Tuesday, January 5, 2010

It's A Mystery To Me

   As a teenager, I grew up reading the adventures of Sherlock Holmes and the genteel English murder mysteries of Agatha Christie. On TV, I watched Perry Mason win an endless number of court cases, usually by inducing pained confessions from the witness stand. America, it seemed, was fascinated by the seamier side of human nature and the audacity of the criminal mind and many books and magazines were published in the mystery genre. Here are just a few examples of the lurid covers found on these paperbacks.

My favorite Agatha Christie detective is Hercule Poirot, the fussy Belgian featured in "Death on the Nile" and many other books. The film of this book was one of the better Christie movie adaptations.

Dashiell Hammett was king of the "hard-boiled" detective novels. He created many memorable characters such as Sam Spade (The Maltese Falcon) and Nick and Nora Charles (The Thin Man).

Ellery Queen is both a fictional character and a pseudonym used by two American cousins from Brooklyn, Daniel Nathan and Manford Lepofsky who wrote novels under the Queen name for 42 years.

The 12 mystery novels of Philo Vance describe him as a foppish, New York intellectual who uses his skills to solve difficult murder cases. The stories are chronicled by his friend S.S. Dine (much like Dr. Watson did for Holmes) who was actually the author Willard Huntington Wright.

Raymond Chandler was an author who had a great influence on shaping the image of the private detective. Along with Hammett's Sam Spade, Chandler's Philip Marlowe was a wise-cracking, tough guy who was not afraid to break a few rules to get the bad guy.

In the 1950s and 1960s, John McDonald specialized in hard-boiled crime thrillers. His 1957 novel "The Executioners" was turned into a film twice under the name "Cape Fear."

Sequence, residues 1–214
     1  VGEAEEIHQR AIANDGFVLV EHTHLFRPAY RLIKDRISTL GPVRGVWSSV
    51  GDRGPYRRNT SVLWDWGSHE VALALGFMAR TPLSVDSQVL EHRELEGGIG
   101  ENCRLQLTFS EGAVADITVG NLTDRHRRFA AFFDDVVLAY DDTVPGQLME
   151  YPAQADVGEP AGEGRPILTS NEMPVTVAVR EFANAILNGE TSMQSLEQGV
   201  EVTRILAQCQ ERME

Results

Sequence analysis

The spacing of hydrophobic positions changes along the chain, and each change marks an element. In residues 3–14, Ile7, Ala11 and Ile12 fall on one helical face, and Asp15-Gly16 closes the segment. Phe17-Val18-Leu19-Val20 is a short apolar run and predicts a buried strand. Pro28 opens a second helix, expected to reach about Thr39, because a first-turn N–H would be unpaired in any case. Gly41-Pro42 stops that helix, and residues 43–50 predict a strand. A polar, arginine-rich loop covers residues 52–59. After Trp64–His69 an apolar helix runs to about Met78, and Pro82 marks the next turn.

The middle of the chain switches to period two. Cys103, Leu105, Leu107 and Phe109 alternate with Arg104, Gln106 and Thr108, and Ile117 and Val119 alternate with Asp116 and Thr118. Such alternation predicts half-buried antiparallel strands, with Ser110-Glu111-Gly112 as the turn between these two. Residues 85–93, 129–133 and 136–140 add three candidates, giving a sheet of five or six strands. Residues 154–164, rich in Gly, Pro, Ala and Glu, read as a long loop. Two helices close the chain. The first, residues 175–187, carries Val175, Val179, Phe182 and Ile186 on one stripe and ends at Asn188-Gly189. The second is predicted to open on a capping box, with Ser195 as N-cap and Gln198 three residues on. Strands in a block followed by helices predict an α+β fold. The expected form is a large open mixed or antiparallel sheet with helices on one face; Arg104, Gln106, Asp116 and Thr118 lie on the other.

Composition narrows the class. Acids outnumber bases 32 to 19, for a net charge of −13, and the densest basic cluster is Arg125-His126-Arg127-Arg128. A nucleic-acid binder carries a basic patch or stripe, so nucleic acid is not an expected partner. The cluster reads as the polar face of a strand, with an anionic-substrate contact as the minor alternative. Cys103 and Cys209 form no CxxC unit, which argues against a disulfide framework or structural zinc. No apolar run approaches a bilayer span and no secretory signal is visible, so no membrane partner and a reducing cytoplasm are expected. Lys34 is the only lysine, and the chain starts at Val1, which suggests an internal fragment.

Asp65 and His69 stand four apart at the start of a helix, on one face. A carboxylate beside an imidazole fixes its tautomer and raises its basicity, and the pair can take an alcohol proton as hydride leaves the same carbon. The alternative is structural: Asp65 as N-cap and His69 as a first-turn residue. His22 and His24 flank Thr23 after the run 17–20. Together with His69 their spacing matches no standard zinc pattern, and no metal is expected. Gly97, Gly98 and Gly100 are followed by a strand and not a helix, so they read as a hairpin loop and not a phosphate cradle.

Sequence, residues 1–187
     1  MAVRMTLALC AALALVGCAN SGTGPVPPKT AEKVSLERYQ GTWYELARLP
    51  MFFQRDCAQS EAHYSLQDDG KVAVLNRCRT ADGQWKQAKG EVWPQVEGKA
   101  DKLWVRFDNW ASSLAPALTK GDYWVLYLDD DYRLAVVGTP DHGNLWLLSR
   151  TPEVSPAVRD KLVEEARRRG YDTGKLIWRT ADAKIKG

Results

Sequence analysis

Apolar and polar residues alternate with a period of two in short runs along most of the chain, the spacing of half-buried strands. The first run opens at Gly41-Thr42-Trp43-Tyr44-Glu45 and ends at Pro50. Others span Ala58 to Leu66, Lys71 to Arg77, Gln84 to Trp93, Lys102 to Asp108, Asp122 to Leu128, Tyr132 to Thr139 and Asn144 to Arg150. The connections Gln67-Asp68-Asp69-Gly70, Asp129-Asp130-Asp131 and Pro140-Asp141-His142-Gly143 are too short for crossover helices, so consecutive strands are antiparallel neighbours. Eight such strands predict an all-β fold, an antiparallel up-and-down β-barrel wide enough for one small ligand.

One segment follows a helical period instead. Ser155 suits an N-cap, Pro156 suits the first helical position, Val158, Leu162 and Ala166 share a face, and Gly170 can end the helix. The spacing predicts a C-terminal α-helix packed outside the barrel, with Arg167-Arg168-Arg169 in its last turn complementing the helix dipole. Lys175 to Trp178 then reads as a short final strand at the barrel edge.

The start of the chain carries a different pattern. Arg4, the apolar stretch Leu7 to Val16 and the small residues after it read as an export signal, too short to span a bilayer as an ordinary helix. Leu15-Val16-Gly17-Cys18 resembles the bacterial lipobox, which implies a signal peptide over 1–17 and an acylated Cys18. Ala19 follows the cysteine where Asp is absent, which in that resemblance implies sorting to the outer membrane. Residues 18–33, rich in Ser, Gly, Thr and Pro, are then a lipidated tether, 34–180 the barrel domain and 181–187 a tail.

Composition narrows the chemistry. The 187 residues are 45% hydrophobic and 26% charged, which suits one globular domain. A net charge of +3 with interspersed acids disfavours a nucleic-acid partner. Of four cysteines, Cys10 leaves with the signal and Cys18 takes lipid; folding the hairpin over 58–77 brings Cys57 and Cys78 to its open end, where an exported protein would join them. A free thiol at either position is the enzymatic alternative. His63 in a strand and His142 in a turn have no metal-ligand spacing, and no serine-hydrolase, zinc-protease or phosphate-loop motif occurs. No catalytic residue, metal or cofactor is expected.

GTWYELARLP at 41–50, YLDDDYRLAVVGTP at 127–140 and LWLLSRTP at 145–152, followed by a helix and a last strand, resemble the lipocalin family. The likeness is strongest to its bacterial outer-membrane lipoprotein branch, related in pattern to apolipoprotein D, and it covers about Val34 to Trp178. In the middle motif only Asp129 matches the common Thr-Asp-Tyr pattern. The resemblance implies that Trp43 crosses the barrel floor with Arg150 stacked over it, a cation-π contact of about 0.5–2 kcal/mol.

Mickey Spillane (Frank Morrison Spillane) offered another tough detective named Mike Hammer to the genre. His first novel, "I, the Jury" was written in 19 days and eventually sold over 6 and a half million copies.

If the dead don't care, why should we?

This book is actually a novelization of a 1970 movie directed by Billy Wilder. The story deviates somewhat from the original tales written by Sir Arthur Conan Doyle and stresses some of the darker sides of the Holmes character like his cocaine use.

Erle Stanley Gardner was a lawyer who gave up a law career for that of an author. His most popular character, the wily lawyer Perry Mason, appeared in over 80 novels and eventually was featured in a popular TV show starring Raymond Burr.

Starting in 1953, Carter Brown wrote over 150 crime novels and had more than 30 million books in print by the late 1960s.

Another Mike Hammer thriller.

Chandler's "The Big Sleep" was turned into a movie twice, once in 1946 and again in 1978.

A nude woman and a murder plot - what else could you want in a mystery novel?

Richard Prather wrote 31 novels featuring his own detective, the white-haired Shell Scott.

Michael Shayne is a fictional private detective character created during the late 1930s by writer Brett Halliday. The Shayne franchise extended to 50 novels as well as a series on radio and TV.

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